Frederica Freyberg:

I want to go ahead and speak to the broader issue of recusals. Justice Roggensack, what is your position on when and why a justice should decline to participate in a particular case?

Pat Roggensack:

Well, there are a number of different provisions that require recusal. But to just respond very briefly to Professor Fallone.

Frederica Freyberg:

Go ahead.

Pat Roggenack:

Every person deserves a fair and an unbiased decision maker, in every matter on which they are judged. Separating Justice Bradley and Justice Prosser, physically with my own body, was very upsetting to me personally. I am not a fair and unbiased decision maker that should decide that case. So, I hold myself more accountable than perhaps you would like to, but I do.

Frederica Freyberg:

On the matter of recusals more broadly, when and why should a justice decline to participate in a case?

Pat Roggensack:

Well, 757.19 is a statutory provision that has many different times when you're expected to get off the case. The Legislature has a number of provisions that if you fit within them, you're to get off. The last section of that statute is if it appears you can't be reasonably, be a reasonably fair and impartial justice, then you should get off. So that's one section. There are also sections in the Supreme Court Rule, again, most of them are based on objective findings. If you fall within the description of the statute, you're expected to get off. The last one is subjective on the statute, so it has to do with if you perceive that you cannot be fair and impartial, you should get off. I think there are a number of times when my colleagues get off of cases that don't fall within the rules, just because they want to be sure that they appear to be fair and impartial. There are times when they stay on cases when someone else might think they should get off. So, it's a very individualized determination.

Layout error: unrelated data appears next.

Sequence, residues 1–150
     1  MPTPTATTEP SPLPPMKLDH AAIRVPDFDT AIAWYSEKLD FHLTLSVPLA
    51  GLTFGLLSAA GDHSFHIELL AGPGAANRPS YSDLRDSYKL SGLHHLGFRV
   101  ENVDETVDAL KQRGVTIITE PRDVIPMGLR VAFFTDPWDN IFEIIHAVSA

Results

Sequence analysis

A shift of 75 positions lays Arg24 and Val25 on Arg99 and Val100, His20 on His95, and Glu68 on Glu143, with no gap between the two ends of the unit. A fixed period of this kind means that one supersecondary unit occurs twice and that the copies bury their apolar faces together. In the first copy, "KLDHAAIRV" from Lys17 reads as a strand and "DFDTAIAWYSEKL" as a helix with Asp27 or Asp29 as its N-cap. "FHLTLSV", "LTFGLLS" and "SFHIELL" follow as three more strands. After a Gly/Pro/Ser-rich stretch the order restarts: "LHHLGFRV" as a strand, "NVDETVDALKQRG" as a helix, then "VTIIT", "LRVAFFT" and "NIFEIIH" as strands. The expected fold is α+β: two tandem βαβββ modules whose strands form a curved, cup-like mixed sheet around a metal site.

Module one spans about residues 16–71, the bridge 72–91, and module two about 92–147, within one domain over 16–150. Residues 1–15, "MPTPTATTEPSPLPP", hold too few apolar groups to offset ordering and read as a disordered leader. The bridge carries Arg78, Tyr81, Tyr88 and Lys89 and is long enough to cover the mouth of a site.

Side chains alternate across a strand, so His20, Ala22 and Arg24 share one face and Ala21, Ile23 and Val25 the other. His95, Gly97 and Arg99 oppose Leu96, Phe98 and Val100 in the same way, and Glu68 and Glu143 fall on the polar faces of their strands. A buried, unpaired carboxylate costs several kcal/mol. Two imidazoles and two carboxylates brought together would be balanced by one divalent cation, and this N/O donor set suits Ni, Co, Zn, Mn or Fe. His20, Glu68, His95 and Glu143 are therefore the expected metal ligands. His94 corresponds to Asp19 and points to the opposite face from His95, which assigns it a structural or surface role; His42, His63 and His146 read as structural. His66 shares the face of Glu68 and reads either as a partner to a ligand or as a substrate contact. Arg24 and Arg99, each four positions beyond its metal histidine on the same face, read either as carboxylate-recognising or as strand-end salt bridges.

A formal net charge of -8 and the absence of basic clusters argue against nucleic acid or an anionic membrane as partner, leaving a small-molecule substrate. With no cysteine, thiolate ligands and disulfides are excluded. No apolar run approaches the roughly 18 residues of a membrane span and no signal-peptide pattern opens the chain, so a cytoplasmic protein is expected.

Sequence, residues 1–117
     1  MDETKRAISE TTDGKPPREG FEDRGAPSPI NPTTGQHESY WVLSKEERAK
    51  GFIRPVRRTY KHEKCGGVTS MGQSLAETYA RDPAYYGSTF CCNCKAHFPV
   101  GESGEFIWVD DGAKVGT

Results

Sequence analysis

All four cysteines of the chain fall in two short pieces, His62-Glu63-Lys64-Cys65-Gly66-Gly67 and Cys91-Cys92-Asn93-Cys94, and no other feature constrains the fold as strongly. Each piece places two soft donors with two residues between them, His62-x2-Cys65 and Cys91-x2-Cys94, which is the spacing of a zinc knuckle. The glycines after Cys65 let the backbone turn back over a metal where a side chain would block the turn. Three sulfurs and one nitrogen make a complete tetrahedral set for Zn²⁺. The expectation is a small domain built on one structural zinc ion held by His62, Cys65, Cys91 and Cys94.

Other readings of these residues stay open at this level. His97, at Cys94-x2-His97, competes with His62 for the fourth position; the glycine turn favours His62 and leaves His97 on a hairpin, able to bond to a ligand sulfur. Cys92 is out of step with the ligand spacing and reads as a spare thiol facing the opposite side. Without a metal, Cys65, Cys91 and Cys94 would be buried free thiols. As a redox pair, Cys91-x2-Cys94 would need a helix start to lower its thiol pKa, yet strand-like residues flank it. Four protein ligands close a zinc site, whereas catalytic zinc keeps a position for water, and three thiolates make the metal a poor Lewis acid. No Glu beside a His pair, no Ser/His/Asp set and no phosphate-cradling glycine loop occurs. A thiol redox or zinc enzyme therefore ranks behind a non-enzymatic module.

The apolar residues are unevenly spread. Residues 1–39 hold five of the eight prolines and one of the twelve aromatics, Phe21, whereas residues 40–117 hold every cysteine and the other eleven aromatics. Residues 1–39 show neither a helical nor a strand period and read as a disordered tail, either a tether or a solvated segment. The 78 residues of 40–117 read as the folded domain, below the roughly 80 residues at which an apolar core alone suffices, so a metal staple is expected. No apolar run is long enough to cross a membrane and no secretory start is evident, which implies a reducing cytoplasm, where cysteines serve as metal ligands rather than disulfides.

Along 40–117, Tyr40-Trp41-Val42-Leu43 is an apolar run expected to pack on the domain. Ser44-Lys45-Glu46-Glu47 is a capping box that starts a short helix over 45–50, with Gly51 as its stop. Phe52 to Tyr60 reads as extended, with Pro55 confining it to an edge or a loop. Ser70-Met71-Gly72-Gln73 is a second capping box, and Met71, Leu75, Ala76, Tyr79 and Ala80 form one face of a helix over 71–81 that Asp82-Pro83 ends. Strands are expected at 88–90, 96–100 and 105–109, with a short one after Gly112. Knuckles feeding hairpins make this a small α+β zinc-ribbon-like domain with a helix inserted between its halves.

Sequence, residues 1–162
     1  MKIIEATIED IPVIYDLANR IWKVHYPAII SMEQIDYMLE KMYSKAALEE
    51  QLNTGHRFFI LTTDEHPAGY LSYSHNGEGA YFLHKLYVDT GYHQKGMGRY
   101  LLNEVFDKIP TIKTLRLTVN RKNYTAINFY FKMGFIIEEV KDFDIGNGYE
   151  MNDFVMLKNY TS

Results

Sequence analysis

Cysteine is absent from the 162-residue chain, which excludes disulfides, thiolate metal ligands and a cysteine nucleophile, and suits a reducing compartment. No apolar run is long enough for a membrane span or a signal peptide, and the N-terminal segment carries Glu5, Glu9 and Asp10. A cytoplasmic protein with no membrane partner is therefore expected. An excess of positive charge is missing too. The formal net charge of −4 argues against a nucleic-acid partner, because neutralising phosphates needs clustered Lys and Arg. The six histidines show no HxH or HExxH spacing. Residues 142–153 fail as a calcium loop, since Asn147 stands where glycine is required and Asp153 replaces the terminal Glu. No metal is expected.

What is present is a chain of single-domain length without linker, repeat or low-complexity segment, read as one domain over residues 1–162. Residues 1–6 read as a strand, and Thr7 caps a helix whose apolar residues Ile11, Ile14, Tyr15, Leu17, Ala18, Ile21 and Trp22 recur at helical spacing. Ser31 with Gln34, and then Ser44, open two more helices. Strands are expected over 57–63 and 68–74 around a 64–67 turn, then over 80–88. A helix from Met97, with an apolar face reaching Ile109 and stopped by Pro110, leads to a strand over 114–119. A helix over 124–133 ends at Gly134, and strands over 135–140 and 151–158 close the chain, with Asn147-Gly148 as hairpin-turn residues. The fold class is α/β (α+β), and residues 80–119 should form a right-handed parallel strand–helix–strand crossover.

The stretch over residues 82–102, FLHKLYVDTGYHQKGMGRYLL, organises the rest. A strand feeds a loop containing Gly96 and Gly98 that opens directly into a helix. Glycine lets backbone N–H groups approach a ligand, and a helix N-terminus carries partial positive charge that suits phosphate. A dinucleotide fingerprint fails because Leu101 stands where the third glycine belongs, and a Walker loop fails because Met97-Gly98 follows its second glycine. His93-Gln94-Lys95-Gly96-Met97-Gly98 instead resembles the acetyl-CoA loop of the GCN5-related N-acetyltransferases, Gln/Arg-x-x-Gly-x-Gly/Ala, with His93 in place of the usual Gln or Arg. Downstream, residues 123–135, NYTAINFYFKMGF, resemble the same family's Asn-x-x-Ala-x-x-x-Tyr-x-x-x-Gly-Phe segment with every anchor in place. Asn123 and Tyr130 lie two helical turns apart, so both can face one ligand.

Frederica Freyberg:

Given that it's an individualized determination, Mr. Fallone, what is your position on recusals, and why is this important to the public at large?

Ed Fallone:

It's a very important issue. It's an issue that has divided the court, and has contributed to its dysfunction. Absolutely what matters here is the perception of justice on the part of the public, the feeling of litigants, people before the court, that they are being treated fairly, and that judges are not biased against them. If someone loses a case, and they walk away from the courthouse, they should walk away feeling that nonetheless, they had a fair hearing and the judge was not biased. But one big issue is campaign contributions being allowed, that are made by an opposing party. If someone has lost a case and they learn that the opposing party had contributed to the campaign committee of the judge that heard the case, they're going to doubt whether they really did get a fair and unbiased hearing. And that's a problem. Unfortunately, Justice Roggensack defended, supported the rule, the change in the rules, that opened the door wider than ever to special interest money and campaign contributions being made, not only by lawyers and parties with a case already pending before that judge, but also prevents an opposing party from seeking the recusal of the judge, asking the judge to step down, solely because of the significant campaign contributions made by the other side. I think that that contributes to the feeling that we have in a sense "legalized bribery," as the Capital Times put it.  And it certainly creates a  perception on the part of the public that justice is for sale in Wisconsin. So that's why I've said, on the court, I will work right away to repeal that change and restore the prior rules.